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# return statement

Posted on 2014-10-29
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Hi,

I am going through below challenge solution

http://codingbat.com/prob/p140449

I have not understood below return statement.

return (talking && (hour < 7 || hour > 20));

public boolean parrotTrouble(boolean talking, int hour) {
return (talking && (hour < 7 || hour > 20));
// Need extra parenthesis around the || clause
// since && binds more tightly than ||
// && is like arithmetic *, || is like arithmetic +
}
0
Question by:gudii9
• 8
• 4

LVL 85

Accepted Solution

ozo earned 668 total points
ID: 40411054
http://docs.oracle.com/javase/tutorial/java/nutsandbolts/op2.html
&& is  Conditional-AND;  false when left operand (talking) is false, otherwise evaluate the second operand
|| is Conditional-OR;  true when the left operand (hour < 7) is true, otherwise evaluate the second operand (hour > 20)

Without the parentheses, talking && hour < 7 || hour > 20 would evaluate as ((talking && hour < 7) || hour > 20)
0

LVL 37

Assisted Solution

Kimputer earned 664 total points
ID: 40411072
While I don't understand the coding logic (why it returns, for what reason), interpreting the code is simple.

parrotTrouble(True, 1) = True
parrotTrouble(True, 8) = False
parrotTrouble(True, 21) = True
parrotTrouble(False, 1) = False
parrotTrouble(False, 8) = False
parrotTrouble(False, 21) = False

It just returns the AND of the two variables. Talking is either True or False, it's already input as the first variable.
The second part is evaluated from the second variable. If hours is below 7 OR above 20, that second part is True (otherwise False).
With these two outcomes, you do the AND operation again for the final result.
0

LVL 17

Assisted Solution

krakatoa earned 668 total points
ID: 40411307
>>talking && (hour < 7 || hour > 20)

Quite simply - talking has to be true, and hour has to be EITHER less than 7 OR more than 20, then a final true is returned - otherwise false is returned of course.
0

LVL 17

Expert Comment

ID: 40411389
Thanks.

Footnote : (now you've done the challenge) -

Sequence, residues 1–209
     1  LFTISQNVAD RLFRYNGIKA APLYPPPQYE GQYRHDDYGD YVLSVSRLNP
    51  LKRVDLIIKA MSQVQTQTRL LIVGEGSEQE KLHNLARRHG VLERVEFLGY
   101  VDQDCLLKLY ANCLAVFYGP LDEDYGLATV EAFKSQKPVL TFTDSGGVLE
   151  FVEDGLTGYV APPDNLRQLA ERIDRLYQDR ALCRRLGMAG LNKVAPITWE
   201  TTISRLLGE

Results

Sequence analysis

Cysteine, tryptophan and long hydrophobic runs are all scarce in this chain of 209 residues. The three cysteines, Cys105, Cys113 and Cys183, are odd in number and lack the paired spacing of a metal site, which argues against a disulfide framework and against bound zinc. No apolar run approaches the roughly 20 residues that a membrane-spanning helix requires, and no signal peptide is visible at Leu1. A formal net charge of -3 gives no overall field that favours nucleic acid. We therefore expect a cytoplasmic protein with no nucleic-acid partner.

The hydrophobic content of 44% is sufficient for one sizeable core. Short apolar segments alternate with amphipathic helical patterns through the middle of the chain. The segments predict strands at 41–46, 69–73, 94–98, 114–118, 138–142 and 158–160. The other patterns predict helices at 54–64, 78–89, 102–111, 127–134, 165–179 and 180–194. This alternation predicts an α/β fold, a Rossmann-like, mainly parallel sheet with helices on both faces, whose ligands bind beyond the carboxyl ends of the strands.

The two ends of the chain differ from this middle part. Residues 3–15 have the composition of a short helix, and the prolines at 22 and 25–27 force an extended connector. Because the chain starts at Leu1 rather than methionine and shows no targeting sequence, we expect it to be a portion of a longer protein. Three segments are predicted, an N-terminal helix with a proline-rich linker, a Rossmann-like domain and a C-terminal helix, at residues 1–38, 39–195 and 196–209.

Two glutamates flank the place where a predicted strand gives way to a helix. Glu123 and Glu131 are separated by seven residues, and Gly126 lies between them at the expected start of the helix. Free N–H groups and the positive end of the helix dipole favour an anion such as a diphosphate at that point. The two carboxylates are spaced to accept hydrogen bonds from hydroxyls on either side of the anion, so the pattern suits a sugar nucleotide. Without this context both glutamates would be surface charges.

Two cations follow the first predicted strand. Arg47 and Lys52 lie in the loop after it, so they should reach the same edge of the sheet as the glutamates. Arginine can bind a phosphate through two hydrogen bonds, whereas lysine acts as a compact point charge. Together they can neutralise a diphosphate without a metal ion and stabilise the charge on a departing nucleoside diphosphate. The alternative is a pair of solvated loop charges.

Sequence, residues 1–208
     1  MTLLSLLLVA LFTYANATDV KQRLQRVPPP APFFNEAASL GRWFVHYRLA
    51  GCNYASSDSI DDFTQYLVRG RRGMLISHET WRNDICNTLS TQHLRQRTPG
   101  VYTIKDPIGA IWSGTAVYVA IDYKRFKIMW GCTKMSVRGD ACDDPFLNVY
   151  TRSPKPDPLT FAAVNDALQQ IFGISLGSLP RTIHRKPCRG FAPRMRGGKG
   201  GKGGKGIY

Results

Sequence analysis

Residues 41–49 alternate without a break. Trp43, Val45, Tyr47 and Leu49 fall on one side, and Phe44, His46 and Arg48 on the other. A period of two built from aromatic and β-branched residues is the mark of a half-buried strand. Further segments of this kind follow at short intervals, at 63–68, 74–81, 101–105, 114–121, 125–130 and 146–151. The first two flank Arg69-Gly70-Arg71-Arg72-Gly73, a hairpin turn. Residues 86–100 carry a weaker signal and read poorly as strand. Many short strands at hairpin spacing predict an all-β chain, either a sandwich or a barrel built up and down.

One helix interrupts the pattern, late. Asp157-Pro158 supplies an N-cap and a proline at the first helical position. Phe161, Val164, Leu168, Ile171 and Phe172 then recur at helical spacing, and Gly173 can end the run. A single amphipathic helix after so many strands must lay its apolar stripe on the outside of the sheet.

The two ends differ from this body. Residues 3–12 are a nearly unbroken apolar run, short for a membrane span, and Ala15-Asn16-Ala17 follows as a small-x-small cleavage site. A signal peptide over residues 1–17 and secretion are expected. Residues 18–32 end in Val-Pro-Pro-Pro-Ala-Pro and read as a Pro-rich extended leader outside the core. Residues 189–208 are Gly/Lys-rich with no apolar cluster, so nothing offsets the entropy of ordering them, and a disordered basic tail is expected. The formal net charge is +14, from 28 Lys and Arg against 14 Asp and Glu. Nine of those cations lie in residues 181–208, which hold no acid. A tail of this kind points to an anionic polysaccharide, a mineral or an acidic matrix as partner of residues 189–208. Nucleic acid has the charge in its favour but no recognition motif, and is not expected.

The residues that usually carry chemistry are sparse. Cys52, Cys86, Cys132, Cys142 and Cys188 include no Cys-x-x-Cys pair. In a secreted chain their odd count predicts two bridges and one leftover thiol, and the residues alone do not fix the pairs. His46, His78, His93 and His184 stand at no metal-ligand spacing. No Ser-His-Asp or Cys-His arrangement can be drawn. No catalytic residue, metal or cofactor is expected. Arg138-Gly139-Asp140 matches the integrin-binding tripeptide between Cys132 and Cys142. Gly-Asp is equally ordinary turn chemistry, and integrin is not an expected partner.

This would be a way of splitting the logic up also :

``````public boolean parrotTrouble(boolean talking, int hour) {

if (talking==false) {return talking;}
return (hour<7||hour>20);

}
``````
0

LVL 85

Expert Comment

ID: 40411410
//If you're going to split it up
if( !talking ){ return false; }
if( hour<7 ){ return true; }
return hour>20;
0

LVL 17

Expert Comment

ID: 40411421
You can do that too of course, but I was sticking to the illustration of keeping the ORs together.
0

LVL 17

Expert Comment

ID: 40411427
And don't forget our old friend Mr Ternary

``````return talking = talking==true?hour<7||hour>20?true:false:false;
``````
0

LVL 17

Expert Comment

ID: 40411445
This might also be an option at some point :

``````if ((!(talking==false))&& !((hour>6)&&(hour<21))){return true;}
else{return false;}
``````

- which is just for people who don't like ors. ;)

OR should it be :

``````if ((!(talking==false))&& !((hour>6)&&(hour<21))){return !false;}
else{return !true;}
``````
0

LVL 85

Expert Comment

ID: 40411496
Presumably those are just meant to be silly, but
!((hour>6)&&(hour<21))
is not equivalent to
(hour < 7 || hour > 20)
0

LVL 17

Expert Comment

ID: 40411519
They are not silly inasmuch as they all pass the codingbat tests - so maybe the tests are silly.
0

LVL 17

Expert Comment

ID: 40411540
Remember that >6 and <21 are the hours that ARE ok to speak.

(and so for the record, your ID: 40411496 is not correct).

You can look at it this way :
"<x OR >y" MUST be the complement of ">=x AND <=y".
0

LVL 85

Expert Comment

ID: 40413299
Sorry, I misread "!((>x-1)&&(<y+1))", expecting  ">=x AND <=y" (one of the reasons to avoid silly extraneous transforms)
!((hour>6)&&(hour<21)) is equivalent when hour is an int
0

LVL 17

Expert Comment

ID: 40413339
Right, ok.
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